Conservatives promised to protect the ‘most vulnerable’. How’s that going?

Two Tory MPs question scale of planned tax credit cuts

UK tenants staring down the barrel of £1,000 rents

There's the deliberate dismantling of the welfare state, the continuous attacks upon trades unions, the unchecked growth of zero-hour employment contracts, the privatisation by stealth of the NHS and, to top all of that, a new foodbank has just opened up near me. A foodbank. In 2015. Just one of several hundreds in the UK, but the Prime Minister doesn't know (or care) how many foodbanks there are operating in the country he is in charge of.

Read this and weep.

Of course, some people are doing ok, which is nice for them, and the Tories will always aim to make sure that there are just enough of those people to keep voting them back into power while damning the rest.

"The rich man in his castle, the poor man at his gate..."

That's not the kind of country I want to live in.


But, keeping this thread on topic, I don't believe Jeremy Corbyn has a realistic set of policies to deal with any of this or a cat in hell's chance of persuading enough people to vote for a party he was leading either.

#3172772 Labour leadership contest

Posted by John Drake on 08 August 2015 - 09:41 AM


Ok, so I went to hear Jeremy Corbyn speak in Bradford last night, and very rousing stuff it was. He is a good speaker, very fluent, articulate, done without apparent reference to notes, telling people exactly what they want to hear. And that, for me, is the problem. In my view, he is promising stuff he cannot possibly deliver and raising hopes beyond reasonable expectation. It may well be enough to deliver him the leadership of the Labour Party, but it'll never get him any further than that.

There was lots of stuff from various speakers about how they'd kept their principles, campaigned against Thatcher in the '80s, etc, but little apparent recognition of why Labour spent so long out of office having to protest from the sidelines the last time their brand of politics held sway in the party.

Corbyn also speaks of conducting a campaign based on policy, not personal attacks, which would be fine if his supporters weren't routinely branding those in the Labour Party who don't support him as neocons, Tory-lite or 'viruses' needing to be eliminated. We're either all Labour, or we're not. You can't talk about unity at the same time as allowing this sort of stuff to go on in your name without people doubting your sincerity on the subject.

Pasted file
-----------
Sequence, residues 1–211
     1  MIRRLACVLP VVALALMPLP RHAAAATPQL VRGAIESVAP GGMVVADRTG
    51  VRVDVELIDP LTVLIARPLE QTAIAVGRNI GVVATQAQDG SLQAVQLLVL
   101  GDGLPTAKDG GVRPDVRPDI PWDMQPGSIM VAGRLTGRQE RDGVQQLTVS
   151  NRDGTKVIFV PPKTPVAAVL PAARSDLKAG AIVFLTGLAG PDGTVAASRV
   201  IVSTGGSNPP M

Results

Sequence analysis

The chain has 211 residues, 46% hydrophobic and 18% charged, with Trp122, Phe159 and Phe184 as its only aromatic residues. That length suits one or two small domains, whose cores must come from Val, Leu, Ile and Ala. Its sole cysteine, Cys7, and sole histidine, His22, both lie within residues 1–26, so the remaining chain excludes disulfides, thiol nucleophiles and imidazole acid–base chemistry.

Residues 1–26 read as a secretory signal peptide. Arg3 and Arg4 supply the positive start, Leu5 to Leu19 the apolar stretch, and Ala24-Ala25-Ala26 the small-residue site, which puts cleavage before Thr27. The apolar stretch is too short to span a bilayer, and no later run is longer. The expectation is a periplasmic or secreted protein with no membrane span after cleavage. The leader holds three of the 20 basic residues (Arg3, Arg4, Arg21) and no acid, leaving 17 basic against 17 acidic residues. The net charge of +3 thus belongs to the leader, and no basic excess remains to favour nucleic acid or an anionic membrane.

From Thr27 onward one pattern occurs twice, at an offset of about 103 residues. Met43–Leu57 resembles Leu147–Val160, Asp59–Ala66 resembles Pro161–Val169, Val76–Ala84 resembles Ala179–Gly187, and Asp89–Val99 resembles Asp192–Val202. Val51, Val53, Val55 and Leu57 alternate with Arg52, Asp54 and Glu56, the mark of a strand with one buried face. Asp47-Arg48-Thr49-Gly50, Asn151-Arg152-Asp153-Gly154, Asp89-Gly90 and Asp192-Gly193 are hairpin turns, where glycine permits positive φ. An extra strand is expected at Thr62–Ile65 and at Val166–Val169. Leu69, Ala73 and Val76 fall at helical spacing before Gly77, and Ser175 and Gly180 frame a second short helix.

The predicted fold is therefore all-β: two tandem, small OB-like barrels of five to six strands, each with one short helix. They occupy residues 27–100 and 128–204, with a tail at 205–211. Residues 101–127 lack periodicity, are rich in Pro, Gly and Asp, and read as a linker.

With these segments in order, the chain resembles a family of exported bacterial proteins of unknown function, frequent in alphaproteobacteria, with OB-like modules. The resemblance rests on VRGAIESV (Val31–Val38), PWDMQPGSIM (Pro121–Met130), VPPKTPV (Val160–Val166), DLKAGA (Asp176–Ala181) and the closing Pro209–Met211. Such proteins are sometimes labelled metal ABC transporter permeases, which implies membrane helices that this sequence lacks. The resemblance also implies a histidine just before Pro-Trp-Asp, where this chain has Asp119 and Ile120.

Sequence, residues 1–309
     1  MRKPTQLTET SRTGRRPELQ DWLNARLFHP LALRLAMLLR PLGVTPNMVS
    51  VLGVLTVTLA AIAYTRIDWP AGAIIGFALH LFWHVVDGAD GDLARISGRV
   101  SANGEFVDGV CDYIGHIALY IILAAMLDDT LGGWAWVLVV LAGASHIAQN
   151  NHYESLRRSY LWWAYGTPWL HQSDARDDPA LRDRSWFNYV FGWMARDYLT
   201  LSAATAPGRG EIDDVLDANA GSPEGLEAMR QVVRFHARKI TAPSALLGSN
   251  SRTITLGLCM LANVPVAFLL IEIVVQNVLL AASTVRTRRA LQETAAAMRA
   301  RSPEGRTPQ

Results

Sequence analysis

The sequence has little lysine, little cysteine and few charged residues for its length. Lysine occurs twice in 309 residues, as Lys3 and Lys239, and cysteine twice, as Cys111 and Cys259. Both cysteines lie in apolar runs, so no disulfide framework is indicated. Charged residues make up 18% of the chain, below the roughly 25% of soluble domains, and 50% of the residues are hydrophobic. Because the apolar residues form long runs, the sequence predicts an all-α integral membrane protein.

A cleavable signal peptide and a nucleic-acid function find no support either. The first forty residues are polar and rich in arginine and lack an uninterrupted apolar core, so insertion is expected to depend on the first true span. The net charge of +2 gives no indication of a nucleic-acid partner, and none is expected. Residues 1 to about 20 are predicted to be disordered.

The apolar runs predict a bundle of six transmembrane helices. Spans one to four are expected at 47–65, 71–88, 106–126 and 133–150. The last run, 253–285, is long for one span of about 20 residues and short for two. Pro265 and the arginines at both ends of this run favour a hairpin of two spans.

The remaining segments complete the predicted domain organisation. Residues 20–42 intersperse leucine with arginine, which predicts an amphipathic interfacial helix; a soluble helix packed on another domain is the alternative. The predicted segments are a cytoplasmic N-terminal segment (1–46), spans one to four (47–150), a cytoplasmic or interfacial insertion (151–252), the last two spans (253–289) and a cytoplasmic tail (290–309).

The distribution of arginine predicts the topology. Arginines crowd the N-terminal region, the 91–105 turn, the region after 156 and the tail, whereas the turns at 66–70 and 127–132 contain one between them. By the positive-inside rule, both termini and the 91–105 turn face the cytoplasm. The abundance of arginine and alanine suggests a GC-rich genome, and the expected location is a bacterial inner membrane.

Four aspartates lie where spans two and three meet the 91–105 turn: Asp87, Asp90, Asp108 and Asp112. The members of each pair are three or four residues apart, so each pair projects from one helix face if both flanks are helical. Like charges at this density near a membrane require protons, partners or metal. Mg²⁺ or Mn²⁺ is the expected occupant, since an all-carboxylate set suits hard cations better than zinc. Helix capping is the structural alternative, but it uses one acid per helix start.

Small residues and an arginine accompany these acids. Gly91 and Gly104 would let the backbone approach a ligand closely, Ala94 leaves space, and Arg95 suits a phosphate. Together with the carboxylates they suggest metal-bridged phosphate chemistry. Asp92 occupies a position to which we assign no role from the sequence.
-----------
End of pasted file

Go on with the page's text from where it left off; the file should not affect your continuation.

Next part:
At the end of the rally, this 'man of the people' was bundled away from the crowd by a bunch of heavies without explanation, despite lots of people wanting to talk to him or grab a picture. That may be down to those who organised the event on his behalf in Bradford, it wouldn't surprise me, but it did leave a bad taste and is at odds with the image being presented. Contrast that with the Andy Burnham event I attended in Leeds, where Burnham stayed behind for ages after his speech, talking to anyone who wanted to have a word with him until the hall was almost empty - and there were as many at the Burnham event as there were at Corbyn's last night too, just to put things into perspective.

I don't doubt Corbyn is a man of principle, who believes in what he says and has a role to play in the party, but my view remains that if he is elected leader Labour will be reduced to a perpetual protest movement rather than a potential party of government. Is that what the people who suffer the most under the Tories really need?

Look, I may be wrong, who knows, and we may well soon have the opportunity to find out for real what will happen to the Labour Party led by Jeremy Corbyn. In some respects, I'm less worried by the prospect than I was before I attended last night's event, because he is an articulate advocate for his beliefs, not quite the pop-eyed, loony-leftie caricature of popular misconception, and he clearly does have the ability to draw many disillusioned people back into politics.

But I just do not believe enough of the British public outside these meetings and outside the newly-joined members of the Labour Party will want to buy the solutions he is selling - more borrowing, higher taxes, unilateral nuclear disarmament - and they are the people he'll need to convince in order to put anything he says into practice.

Having heard all four of the candidates speak in person, I'm sticking with Andy Burnham as the only likely potential Prime Minister in the Labour leadership contest, with Yvette Cooper as second preference.

#3171980 Labour leadership contest

Posted by John Drake on 06 August 2015 - 04:15 PM

But in 2015 the Tories didn't win at Labour's expense, in fact both main parties increased their vote share.


Indeed. The collapse of the Lib Dem vote did not aid Labour in the way many assumed it would (as the Tories won lots of seats from them) and the loss of Labour votes to UKIP was severely underestimated too.


Vote shares are not static, and they are not necessarily made up of the same voters.


Lots of people switch between various parties these days.


It's a dangerous assumption being made by many already that the share Labour achieved under Miliband in 2015 is somehow ringfenced and can only be added to under a new leader.

#3171479 Rugby League World Magazine - Feedback Thread

Posted by John Drake on 05 August 2015 - 04:13 PM

Waiting for my subs copy - finished last month's one recently and really enjoyed it actually. The article about the disciplinary was the standout read for me, but over the past few months it does seem to be a lot more reading packed in which is only a good thing.


One - hopefully polite - request. The mag is looking really good at the moment inside with some great pictures - can we please have something different on the cover rather than a player just standing there in a kit?


We'll ask the next one not to fold their arms. ;)